It’s not the clash of civilizations, but it’s no doubt the clash of opposing philosophies when it comes to trade. As Japan and the European Union signed a free trade agreement last week, the United States held a hearing on the possibility of imposing tariffs on European and Japanese car imports.

At stake, though, is more than just what taxes may or may not be levied. A successful conclusion to the trade pact between Brussels and Tokyo could also herald possibilities for deepening relations more broadly between the two sides that could decrease Washington’s influence on the global stage.

The Japan-EU Free Trade Agreement is certainly an ambitious one. Together, the two sides will account for nearly one-third of global GDP and the deal will eventually lift all tariffs across the board, which will allow European agricultural goods to penetrate the world’s third-largest economy, and Japanese autos to be free of 10 percent tariffs.

In addition, there will be a lifting of non-tariff barriers, which will allow the two sides to cooperate on aligning standards and regulations. Because of the deal, Japanese companies will be able to invest more readily in European companies, while European companies will be able to bid more easily for Japanese projects including the public sector and hitherto closed industries such as health care.

For Japan, the timing of the FTA couldn’t be better as the deal will take place in early 2019, which is when Britain is expected to leave the EU. Since the late 1980s, Britain has been the gateway to the European continent for the majority of Japanese companies, with Japan being the fourth-largest source of foreign direct investment in the United Kingdom.

Prime Minister Shinzo Abe had lobbied hard to persuade the British leadership to remain in the EU, cautioning that Brexit would also lead to an exodus of the 1,100 Japanese companies based in the U.K. to shift their operations to the continent.

By signing the FTA with the EU, Japan’s future in Europe will no longer be as dependent on how Britain grapples with its internal turmoil over Brexit.

Still, the biggest achievement of the Japan-EU FTA is that it goes in the exact opposite direction that the U.S. is heading. Having pulled the U.S. out of the Trans-Pacific Partnership agreement within the first week of taking office in 2017, the Trump administration has pursued a unilateral approach to trade. Its single biggest objective is to reduce its trade deficit, which is currently around $500 billion. Its biggest deficit is with China, and the White House has been aggressively imposing tariffs against $200 billion of Chinese imports.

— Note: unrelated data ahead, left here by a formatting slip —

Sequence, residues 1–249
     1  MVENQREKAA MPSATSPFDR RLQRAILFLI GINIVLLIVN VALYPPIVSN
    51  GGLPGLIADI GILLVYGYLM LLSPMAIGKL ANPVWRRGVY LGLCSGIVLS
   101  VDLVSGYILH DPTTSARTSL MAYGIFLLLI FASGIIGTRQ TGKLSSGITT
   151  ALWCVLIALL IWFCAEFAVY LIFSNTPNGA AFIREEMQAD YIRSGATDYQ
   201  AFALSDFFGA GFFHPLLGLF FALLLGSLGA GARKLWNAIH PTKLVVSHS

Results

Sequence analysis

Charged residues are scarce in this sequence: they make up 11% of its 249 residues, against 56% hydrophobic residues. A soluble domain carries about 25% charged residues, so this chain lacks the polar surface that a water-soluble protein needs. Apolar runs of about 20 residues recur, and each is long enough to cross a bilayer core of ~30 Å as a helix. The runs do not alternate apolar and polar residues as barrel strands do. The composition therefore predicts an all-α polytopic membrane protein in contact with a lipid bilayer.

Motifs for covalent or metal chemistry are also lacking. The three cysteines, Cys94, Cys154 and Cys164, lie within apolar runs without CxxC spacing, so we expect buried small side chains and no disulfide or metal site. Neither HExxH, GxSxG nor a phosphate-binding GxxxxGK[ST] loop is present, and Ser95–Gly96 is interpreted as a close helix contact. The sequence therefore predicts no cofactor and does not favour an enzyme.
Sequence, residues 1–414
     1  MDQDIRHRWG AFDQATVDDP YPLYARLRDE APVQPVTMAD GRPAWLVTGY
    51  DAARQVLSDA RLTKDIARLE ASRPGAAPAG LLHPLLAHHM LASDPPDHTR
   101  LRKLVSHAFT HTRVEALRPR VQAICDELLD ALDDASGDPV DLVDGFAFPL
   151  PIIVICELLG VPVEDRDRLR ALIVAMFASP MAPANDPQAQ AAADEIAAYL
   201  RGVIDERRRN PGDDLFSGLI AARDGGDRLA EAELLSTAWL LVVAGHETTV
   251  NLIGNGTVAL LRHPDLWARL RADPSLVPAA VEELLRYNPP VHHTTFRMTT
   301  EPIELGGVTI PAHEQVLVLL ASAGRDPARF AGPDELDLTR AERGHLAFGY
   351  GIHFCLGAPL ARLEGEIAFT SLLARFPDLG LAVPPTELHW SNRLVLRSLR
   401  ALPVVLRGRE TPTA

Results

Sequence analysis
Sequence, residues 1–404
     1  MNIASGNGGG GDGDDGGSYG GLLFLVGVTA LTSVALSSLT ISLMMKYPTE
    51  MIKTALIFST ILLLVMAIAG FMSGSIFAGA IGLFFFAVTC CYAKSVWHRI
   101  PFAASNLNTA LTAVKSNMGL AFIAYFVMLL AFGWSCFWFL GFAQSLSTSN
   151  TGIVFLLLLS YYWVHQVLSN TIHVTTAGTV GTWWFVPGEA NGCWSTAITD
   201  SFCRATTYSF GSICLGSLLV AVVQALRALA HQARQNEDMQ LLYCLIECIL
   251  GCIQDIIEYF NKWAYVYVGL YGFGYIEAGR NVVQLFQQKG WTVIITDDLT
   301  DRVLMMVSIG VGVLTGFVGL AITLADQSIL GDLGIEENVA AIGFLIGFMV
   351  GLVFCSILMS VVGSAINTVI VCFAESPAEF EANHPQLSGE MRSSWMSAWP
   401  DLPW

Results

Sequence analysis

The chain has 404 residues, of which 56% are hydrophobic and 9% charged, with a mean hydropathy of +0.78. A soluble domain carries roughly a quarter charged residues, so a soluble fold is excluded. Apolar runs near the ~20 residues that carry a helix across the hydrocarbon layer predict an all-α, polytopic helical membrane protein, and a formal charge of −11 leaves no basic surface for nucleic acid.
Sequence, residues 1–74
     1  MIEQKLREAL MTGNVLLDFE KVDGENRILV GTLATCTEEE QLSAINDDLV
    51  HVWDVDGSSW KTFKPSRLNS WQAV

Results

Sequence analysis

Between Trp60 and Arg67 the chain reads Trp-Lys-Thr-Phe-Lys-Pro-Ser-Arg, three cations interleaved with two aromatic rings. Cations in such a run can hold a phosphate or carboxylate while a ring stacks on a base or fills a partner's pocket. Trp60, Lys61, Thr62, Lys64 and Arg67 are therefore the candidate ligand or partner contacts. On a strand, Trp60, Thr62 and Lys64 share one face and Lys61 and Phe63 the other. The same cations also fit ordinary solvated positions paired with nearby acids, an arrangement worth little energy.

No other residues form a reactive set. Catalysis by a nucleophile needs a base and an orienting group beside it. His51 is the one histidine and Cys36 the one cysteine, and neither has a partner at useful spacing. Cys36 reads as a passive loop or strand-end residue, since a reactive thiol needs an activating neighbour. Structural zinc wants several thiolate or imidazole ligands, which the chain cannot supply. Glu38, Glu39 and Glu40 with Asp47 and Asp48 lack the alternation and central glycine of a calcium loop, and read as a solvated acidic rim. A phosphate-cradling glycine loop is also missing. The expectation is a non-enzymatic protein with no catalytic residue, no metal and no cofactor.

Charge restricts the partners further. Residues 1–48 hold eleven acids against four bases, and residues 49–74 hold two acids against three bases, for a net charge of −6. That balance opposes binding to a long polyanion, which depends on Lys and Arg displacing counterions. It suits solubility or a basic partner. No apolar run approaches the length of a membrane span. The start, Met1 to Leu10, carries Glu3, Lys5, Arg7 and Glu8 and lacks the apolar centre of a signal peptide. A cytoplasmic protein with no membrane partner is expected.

With Beijing expected to retaliate in kind, an impending trade war between the biggest and second-biggest economies in the world could potentially cost global GDP to lose about $430 billion, according to the IMF.

At the same time, the Trump administration is seeking to impose tariffs against its long-standing political allies. It has already done so by imposing tariffs on steel and aluminum imported from key partner nations including Japan through enacting Section 232 of the Trade Expansion Act of 1962 which allows the president to adjust import levels in order to protect the nation.

Last Thursday, the U.S. Department of Commerce held a hearing on the implications of imposing a 25 percent tariff in the name of national security against autos and auto parts from the EU, Japan, Mexico, Canada, Taiwan, Turkey, Malaysia and South Africa.

Foreign industry groups have argued that such tariffs would ultimately hurt U.S. consumers and workers, since it would raise prices and cost jobs across the U.S.

By moving forward with the bilateral trade deal, Japan and the EU are making clear that the global appetite for trade deals outside of the U.S. remains strong.

Japan remains staunchly committed to ensuring that the TPP moves forward even without the U.S., while it also continues to press ahead with the Regional Comprehensive Economic Partnership agreement in Asia which also includes China.

The EU, meanwhile, is still in the midst of negotiating deals with Australia, Chile, Canada and Mexico.

As the possibility of a trade war heats up as countries look to retaliate against U.S. tariffs, Washington is in danger of isolating itself from the global trend of encouraging free trade, and not closing itself to it.

Shihoko Goto, a senior associate for Northeast Asia at the Wilson Center’s Asia Program in Washington, is an expert on economics and politics in Japan, Taiwan and South Korea. www.theglobalist.com

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